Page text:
On the quiet sedgy bank of a stagnant pool, and under the shadow of rank reeds and bulrushes, sat two frogs
. They had retired from the shoal, who were disporting themselves in the water, and were earnestly talking. The elder of the two, an old matron, addressing the younger, who, by-the-by, was her son, said,--
"My dear Froggy, you had better stop quietly with me; you do not know what dangers you may encounter, if you leave your secluded home."
"Croak, croak!" said Froggy.
"Ah, my son!" continued the old lady, "I see that, like most young frogs, you are very obstinate, and will not listen to reason. But why on earth you should wish to go gadding after a poor, hungry little mouse, is more than I can tell--you with your beautiful legs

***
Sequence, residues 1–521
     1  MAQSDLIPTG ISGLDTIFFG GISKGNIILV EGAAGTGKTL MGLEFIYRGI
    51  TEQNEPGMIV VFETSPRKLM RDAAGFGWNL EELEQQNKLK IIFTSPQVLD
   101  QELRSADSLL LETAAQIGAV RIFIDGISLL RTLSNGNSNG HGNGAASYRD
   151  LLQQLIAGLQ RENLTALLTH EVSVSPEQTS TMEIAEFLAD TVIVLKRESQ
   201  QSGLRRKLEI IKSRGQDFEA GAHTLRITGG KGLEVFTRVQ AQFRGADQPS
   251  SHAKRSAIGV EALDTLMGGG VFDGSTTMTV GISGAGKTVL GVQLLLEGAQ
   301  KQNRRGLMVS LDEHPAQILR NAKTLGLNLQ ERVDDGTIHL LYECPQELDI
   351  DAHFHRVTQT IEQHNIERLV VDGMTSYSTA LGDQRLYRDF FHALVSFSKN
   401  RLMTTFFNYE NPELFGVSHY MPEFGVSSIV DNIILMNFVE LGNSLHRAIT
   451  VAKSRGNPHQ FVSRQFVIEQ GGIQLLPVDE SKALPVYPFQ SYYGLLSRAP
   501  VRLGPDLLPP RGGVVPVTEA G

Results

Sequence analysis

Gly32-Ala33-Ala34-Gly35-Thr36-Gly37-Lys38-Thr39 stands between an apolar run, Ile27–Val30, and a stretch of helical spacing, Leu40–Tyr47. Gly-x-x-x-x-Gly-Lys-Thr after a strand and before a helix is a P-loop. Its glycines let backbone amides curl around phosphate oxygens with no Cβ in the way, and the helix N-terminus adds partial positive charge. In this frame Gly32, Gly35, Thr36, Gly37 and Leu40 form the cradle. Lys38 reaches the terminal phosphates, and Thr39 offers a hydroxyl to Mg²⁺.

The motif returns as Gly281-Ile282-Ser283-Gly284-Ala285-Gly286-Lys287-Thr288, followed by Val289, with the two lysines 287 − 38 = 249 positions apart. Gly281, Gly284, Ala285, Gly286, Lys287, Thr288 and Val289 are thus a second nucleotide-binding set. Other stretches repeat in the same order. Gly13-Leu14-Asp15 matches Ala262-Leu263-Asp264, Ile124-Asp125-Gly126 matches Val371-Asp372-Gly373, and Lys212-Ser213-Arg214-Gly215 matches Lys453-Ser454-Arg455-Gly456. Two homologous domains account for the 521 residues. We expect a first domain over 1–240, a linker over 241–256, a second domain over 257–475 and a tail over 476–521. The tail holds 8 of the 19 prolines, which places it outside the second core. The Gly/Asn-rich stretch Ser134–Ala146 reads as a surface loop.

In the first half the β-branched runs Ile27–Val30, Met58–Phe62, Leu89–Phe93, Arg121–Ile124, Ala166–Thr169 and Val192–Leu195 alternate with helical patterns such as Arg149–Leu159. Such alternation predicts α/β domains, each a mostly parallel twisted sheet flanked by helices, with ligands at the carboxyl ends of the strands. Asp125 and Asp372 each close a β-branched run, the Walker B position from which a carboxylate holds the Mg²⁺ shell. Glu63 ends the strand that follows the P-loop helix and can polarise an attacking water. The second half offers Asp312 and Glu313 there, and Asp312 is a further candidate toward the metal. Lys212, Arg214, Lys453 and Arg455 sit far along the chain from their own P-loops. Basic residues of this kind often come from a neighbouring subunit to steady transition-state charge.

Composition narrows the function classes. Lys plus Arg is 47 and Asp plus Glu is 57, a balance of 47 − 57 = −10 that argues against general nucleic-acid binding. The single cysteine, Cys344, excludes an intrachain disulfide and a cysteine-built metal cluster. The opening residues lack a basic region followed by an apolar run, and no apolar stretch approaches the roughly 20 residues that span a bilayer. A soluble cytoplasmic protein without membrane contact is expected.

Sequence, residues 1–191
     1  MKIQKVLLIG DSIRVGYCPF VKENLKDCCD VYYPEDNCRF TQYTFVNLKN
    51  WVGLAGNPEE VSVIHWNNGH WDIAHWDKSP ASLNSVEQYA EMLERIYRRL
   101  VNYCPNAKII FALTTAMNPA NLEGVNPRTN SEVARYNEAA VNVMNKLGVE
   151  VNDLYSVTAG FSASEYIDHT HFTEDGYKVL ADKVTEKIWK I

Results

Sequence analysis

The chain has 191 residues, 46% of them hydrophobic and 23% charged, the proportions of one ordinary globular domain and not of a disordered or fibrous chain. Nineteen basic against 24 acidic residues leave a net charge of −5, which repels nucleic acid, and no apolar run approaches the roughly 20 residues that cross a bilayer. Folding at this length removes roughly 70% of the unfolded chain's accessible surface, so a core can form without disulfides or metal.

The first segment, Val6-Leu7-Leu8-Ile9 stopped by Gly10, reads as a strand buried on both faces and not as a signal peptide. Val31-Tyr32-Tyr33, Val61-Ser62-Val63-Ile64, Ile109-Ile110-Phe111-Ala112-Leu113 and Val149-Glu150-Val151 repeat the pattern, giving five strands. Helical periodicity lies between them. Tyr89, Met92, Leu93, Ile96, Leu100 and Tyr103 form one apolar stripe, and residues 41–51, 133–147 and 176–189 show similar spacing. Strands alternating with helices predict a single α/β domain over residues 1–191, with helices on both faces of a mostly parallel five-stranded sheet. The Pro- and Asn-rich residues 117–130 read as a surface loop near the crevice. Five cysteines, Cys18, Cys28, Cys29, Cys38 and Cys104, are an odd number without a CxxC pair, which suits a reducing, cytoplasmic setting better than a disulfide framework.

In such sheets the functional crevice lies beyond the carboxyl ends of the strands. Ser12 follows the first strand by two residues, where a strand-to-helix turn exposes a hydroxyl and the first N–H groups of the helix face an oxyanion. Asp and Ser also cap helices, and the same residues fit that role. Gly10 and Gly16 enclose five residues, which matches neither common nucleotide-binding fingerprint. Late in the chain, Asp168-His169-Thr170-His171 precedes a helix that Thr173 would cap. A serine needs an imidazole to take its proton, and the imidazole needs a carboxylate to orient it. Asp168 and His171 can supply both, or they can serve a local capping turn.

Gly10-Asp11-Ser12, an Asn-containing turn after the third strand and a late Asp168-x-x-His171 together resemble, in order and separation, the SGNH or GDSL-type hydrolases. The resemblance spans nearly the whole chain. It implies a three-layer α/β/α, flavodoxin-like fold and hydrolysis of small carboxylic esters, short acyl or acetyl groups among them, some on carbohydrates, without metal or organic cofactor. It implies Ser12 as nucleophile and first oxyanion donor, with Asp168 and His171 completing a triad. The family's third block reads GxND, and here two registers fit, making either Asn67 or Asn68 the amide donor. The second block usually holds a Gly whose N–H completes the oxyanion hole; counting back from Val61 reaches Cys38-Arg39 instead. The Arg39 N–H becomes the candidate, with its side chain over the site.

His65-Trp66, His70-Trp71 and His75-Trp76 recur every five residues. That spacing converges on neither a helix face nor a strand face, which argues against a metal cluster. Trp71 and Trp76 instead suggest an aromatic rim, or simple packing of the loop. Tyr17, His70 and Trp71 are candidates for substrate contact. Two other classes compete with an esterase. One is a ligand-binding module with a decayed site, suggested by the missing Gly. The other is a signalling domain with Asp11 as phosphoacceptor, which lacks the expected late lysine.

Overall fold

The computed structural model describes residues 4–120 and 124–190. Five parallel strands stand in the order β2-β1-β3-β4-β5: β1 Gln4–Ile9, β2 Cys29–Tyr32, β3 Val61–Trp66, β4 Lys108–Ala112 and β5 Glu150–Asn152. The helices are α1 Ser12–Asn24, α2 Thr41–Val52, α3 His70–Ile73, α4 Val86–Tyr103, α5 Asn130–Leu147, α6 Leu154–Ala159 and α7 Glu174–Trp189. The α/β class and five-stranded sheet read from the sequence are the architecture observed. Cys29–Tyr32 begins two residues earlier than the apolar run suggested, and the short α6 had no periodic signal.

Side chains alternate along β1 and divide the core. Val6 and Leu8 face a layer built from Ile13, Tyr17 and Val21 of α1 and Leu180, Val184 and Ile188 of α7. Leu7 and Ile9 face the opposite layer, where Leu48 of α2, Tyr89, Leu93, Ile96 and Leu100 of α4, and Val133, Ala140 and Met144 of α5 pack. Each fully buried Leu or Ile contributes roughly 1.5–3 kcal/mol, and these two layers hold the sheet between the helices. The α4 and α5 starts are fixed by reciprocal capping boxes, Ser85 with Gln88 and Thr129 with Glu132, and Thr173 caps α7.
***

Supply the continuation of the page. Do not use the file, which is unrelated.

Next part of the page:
and speckled coat, born to a splendid estate of reeds and water, the heir of nine bulrushes and a water-lily. I thought you were more of a frog."
"Croak, croak!" said Froggy again.
"Have you thought of the boys who throw stones?"
"Or the birds with long beaks?"
"Or the ducks?"
"If you want to go a-wooing, there are frogs in your own station in life; indeed, with your personal appearance, you might even aspire to an eft or a lizard."
"Croak!" persisted the sulky little frog